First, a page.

Karen and Richard Carpenter were quite a sister/brother act during the 1970s. Sadly, Karen died on February 4, 1983 of complications from anorexia nervosa . She was only 32 years old at the time of her passing. The story of Karen's tragic death is well documented, but her brother Richard has battled his own demons.
The Carpenters' hectic concert schedule took its toll on both siblings. In his 2010 book Rock Obituaries - Knocking on Heaven's Door
(2010), author Nick Talevski wrote:"Constantly on the road since 1970 with their Vegas-style act, both Karen and Richard Carpenter were in ill health by late 1975. With Karen's weight down to 80 pounds (36.3 kilograms), sold-out tours to Japan and the United Kingdom had to be cancelled. Richard, meanwhile, had become addicted to a prescription drug, Quaalude."
The pressure on the duo was overwhelming. Something had to give and it did. Karen became obsessed with her weight and Richard suffered from depression and insomnia. He turned to Quaaludes (a sedative) for relief. In January of 1979, while in a semi-comatose state, he fell down a flight of stairs backstage. Finally, in an effort to deal with his dependency on the drug, Richard checked himself in to a treatment program at the Menninger Clinic in Topeka, Kansas. He also decided to take the rest of 1979 off for the sake of his health and well being.
Richard Lynn Carpenter was born on October 15, 1946 in New Haven, Connecticut. His father, Harold Bertram Carpenter (November 8, 1908 – October 15, 1988), worked in the printing business. His mother, Agnes Reuwer (née Tatum) (March 5, 1915 – November 10, 1996), was a housewife. Richard's only sibling, Karen Anne Carpenter, was also born in New Haven, on March 2, 1950. In 1963, the family moved to Downey, California, a suburb of Los Angeles.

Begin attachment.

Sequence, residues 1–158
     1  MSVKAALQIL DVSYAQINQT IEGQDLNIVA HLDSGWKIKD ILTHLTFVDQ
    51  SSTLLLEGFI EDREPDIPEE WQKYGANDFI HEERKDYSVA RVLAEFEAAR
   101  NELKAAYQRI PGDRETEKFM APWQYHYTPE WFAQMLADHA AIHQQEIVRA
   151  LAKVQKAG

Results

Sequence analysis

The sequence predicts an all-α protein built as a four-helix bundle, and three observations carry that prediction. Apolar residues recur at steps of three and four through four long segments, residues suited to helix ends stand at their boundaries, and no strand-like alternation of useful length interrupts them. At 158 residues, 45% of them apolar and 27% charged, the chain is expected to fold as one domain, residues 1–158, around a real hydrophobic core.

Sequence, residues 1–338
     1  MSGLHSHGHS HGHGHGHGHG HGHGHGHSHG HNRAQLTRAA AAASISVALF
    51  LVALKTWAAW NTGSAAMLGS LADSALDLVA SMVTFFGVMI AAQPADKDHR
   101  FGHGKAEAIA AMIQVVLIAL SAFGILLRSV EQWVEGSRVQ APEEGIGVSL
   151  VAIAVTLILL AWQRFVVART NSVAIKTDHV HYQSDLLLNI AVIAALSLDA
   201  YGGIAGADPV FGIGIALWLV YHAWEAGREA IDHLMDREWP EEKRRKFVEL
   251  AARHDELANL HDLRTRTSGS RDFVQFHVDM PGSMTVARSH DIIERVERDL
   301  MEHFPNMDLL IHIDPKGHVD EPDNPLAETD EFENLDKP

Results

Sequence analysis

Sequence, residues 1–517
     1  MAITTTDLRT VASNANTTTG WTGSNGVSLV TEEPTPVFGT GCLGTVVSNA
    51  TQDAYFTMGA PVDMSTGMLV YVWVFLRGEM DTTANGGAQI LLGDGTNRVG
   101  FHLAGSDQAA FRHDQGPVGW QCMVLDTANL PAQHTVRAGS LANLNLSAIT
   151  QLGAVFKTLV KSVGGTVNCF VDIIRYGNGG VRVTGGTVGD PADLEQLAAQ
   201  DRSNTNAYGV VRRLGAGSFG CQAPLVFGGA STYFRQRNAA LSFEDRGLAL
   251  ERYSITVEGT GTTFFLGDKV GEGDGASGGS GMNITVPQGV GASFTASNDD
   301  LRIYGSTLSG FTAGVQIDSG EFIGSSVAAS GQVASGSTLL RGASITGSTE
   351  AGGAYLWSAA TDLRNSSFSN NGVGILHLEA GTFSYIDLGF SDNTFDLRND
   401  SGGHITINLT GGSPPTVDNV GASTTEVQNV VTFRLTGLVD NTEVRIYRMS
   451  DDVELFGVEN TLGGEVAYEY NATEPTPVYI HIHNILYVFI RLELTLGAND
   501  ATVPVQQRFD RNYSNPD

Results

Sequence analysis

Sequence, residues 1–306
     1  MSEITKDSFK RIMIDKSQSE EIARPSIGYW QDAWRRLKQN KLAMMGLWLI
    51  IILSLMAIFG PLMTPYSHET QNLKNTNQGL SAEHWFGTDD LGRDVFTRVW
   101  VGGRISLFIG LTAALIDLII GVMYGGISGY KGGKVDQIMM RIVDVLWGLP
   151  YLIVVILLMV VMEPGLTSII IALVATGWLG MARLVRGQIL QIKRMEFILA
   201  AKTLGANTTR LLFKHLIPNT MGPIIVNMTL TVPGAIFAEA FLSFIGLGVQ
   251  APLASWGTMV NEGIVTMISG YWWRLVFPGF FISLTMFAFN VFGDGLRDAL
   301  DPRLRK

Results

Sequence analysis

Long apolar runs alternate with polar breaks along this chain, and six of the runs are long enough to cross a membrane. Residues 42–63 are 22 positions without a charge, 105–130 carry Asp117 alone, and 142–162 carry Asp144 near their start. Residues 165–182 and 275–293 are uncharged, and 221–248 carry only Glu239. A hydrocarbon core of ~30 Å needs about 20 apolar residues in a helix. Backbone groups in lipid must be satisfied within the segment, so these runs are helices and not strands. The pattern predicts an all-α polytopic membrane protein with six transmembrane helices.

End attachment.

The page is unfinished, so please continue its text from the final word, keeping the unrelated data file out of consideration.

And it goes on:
|Karen and Richard with their parents|
Richard Carpenter developed an interest in music early in life. As a child, he listened to the 78s in his father's extensive record collection. He listened to everything from the classics to big band music. Soon he began asking his parents to buy him some of the records he had heard on the radio. Among his favourites were Nat King Cole and Perry Como.
Not surprisingly, Richard started to play music himself. His first instrument was the accordion, but he soon gravitated toward the piano. As a youngster, he began studying classical piano and eventually pursued his studies at Yale University's Music School. While a teenager, he performed with a jazz trio at various nightclubs in the New Haven area.
When the Carpenter family moved to southern California, Richard attended Downey High School. During his senior year, he studied music at the University of Southern California at Los Angeles (UCLA) and later at California State College at Long Beach (USCLB). In 1965, he formed an instrumental group, the Richard Carpenter Trio, with his sister Karen on the drums and a friend, Wes Jacobs, on tuba and bass. In 1966, the group won the "Battle of the Bands" contest at the Hollywood Bowl after performing "Iced "The Girl from Ipanema" and "Iced Tea," (a jazz waltz written by Richard Carpenter).